So You Think You Know About the Vikings

Think again — much was changed as they became Christianized.

If I was to say Viking to you — images are probably conjured up of vicious barbaric warriors charging in, to raid and pillage, and indeed to go ‘a-Viking’ was a glorious and noble pursuit. But that wasn’t all there was to the people known as the Vikings. They were traders; they were poets; they had a rich history, and an even richer mythos focused on the cycle of life and rebirth. They were farmers, and so much more. However, I’m less interested in focusing on their lifestyle but on how Christianity has changed our perception of their religious beliefs; and how we cannot trust most sources. So I’m putting a caveat that even this may not be 100% accurate but is based on my own research and reading numerous articles and books on Norse Mythology.

The first individual I want to focus on is the perceptions of Odin and Loki. I’m going to be focusing on Odin first. Christianities influence here is the uplifting and masking of his flaws in a way that wasn’t true. The key thing about Norse religion was that their relationship with their Gods wasn’t to put them on a pedestal, and many sources — and even within the Poetic Edda — place Odin as the ‘good’ guy, and taking on the role of ‘God the Father’. In reality, Odin was just as sly and cunning as Loki and capable of causing illness to happen as much as causing good. Above all, he coveted wisdom and magic and was more than willing to go to war to achieve what he desired. He was considered a fickle God and one not lightly called upon.

Photo by Svetlana Sinitsyna on Unsplash

Compare this with Loki. Loki has become as maligned as the Devil post-Christianization. Again I’m not saying that he was a perfect individual; he was deeply flawed in his own way — however, Loki’s flaws are all well known. If I say Loki to you, your probably thinking causes mischief and chaos and even brings about the Ragnorak. The end of days. All very true, however, this is all reflected in the cycle of the year, and the cycle that the Norse believed in, but has largely been scrubbed out of existence in all texts. Much of the apparent mischief Loki caused was due to him trying to aide the Gods and Goddesses in his own way, but his plans having consequences he wasn’t expecting. He did his best to repair and fix the times he truly caused harm on purpose until his very last mischief. But even this could be seen as him following his natural role as to starting to bring about the Ragnorak.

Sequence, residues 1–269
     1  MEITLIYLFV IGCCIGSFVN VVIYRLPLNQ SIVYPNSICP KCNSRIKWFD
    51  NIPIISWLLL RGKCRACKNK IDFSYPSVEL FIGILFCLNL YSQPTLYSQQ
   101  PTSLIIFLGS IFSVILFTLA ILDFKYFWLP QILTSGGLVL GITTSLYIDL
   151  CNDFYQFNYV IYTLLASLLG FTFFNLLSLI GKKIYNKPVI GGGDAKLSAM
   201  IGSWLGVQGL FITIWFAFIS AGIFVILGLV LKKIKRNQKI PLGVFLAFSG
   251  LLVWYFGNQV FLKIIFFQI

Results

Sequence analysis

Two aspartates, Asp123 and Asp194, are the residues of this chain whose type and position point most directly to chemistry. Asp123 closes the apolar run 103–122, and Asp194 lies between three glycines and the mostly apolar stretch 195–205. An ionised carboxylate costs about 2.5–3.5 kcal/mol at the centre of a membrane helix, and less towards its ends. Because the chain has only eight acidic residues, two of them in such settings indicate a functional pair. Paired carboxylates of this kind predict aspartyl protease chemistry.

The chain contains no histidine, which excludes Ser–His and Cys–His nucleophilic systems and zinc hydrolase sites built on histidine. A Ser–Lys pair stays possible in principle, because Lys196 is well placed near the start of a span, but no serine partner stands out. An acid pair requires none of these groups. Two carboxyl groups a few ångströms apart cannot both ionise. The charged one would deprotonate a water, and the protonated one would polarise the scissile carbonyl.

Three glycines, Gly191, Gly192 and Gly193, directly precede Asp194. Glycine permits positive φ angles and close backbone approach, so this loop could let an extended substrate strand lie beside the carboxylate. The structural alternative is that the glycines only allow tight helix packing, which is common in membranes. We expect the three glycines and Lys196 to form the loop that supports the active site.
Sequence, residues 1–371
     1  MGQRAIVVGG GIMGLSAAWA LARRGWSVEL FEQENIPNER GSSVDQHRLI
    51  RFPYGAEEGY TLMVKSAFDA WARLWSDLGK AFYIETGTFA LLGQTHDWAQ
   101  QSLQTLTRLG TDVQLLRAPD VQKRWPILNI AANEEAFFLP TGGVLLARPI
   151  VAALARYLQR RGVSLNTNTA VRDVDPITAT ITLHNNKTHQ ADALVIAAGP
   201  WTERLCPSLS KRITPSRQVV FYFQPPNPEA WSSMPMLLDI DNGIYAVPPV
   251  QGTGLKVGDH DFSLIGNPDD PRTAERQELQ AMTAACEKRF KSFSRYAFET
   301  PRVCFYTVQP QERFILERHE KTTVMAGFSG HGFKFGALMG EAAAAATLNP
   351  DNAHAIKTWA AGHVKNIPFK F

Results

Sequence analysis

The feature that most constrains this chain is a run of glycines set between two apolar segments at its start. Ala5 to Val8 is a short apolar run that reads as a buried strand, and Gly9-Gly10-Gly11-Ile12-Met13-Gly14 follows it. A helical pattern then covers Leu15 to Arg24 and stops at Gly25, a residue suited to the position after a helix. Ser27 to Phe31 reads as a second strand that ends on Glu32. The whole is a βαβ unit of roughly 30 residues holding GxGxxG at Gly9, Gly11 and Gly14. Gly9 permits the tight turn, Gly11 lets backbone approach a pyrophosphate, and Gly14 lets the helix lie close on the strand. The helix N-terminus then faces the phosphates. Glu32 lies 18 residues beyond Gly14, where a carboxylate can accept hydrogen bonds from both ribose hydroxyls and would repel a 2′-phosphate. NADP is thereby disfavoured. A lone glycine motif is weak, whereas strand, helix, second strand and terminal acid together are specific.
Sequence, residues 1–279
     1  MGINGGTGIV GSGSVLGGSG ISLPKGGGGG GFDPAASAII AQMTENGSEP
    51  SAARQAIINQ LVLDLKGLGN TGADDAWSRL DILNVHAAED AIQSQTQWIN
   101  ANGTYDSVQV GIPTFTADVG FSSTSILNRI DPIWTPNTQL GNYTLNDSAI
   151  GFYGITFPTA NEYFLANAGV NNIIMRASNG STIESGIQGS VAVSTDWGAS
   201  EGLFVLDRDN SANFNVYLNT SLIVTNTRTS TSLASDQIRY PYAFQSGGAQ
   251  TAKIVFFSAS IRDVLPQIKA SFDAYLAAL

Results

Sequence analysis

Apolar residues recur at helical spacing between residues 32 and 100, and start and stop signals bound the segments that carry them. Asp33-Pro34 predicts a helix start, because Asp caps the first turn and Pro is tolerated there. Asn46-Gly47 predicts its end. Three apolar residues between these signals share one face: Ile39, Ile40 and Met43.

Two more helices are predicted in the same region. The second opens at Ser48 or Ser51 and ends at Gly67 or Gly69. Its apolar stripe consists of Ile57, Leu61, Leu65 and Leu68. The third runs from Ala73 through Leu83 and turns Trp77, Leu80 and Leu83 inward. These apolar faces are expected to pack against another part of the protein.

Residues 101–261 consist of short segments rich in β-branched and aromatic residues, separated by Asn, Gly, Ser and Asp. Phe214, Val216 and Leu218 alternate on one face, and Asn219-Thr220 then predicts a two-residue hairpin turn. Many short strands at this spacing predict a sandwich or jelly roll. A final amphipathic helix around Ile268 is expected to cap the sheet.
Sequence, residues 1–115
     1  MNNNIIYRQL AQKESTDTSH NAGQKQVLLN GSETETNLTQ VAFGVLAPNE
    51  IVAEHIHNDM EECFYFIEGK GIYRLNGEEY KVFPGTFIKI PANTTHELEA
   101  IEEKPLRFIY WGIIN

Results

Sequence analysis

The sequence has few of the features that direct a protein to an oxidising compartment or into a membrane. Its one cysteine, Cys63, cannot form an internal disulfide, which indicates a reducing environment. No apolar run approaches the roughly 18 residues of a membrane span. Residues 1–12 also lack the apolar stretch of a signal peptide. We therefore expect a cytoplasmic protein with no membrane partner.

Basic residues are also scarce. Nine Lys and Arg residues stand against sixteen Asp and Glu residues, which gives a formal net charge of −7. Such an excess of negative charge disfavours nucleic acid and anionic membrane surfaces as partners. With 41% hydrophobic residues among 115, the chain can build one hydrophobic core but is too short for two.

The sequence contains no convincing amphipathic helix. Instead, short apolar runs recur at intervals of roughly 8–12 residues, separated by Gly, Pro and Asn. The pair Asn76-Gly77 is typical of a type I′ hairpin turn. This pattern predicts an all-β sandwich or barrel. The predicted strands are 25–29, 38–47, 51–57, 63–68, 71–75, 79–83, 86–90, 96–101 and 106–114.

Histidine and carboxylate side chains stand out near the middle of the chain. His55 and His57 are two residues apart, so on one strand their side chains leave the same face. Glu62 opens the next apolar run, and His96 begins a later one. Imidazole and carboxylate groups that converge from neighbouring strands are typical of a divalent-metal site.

So let's talk about Ragnorak. We’re often taught to view it as fire, brimstone, the end of the world—the last calamitous event to destroy all things and wipe all away. This is not true at all. Well, not totally, at least. Ragnorak was seen as the ending and wiping away the current norms, but this was not seen as a terrible thing. Instead, it was seen as a very natural progression of life. Ragnorak was an explanation of the very cyclical nature of the seasons, playing out on an epic scale. Rather than Ragnorak being the ‘end of the world’ akin to the end of times in Christianity, Ragnorak was more akin to the old ways evolving and adapting. Yes, the old gods were very much swept away and destroyed, but this was a way of allowing new gods to step forwards. It allowed the Norse people to adapt to new situations and allow them to, if need be, bring in new Gods.

One last thing to talk about. The Poetic Edda. While this may have been based on what was originally spoken about, but it likely isn’t truly accurate. Writing didn’t become mainstream until Christianity was well and truly established. I will let you reflect on what that may mean for the written text form of the Poetic Edda.

Writing about: LGBTQIA+ Issues || Mental Health || Short Stories. Demi-male, trans-masculine — They/Them pronouns. Can be found at —

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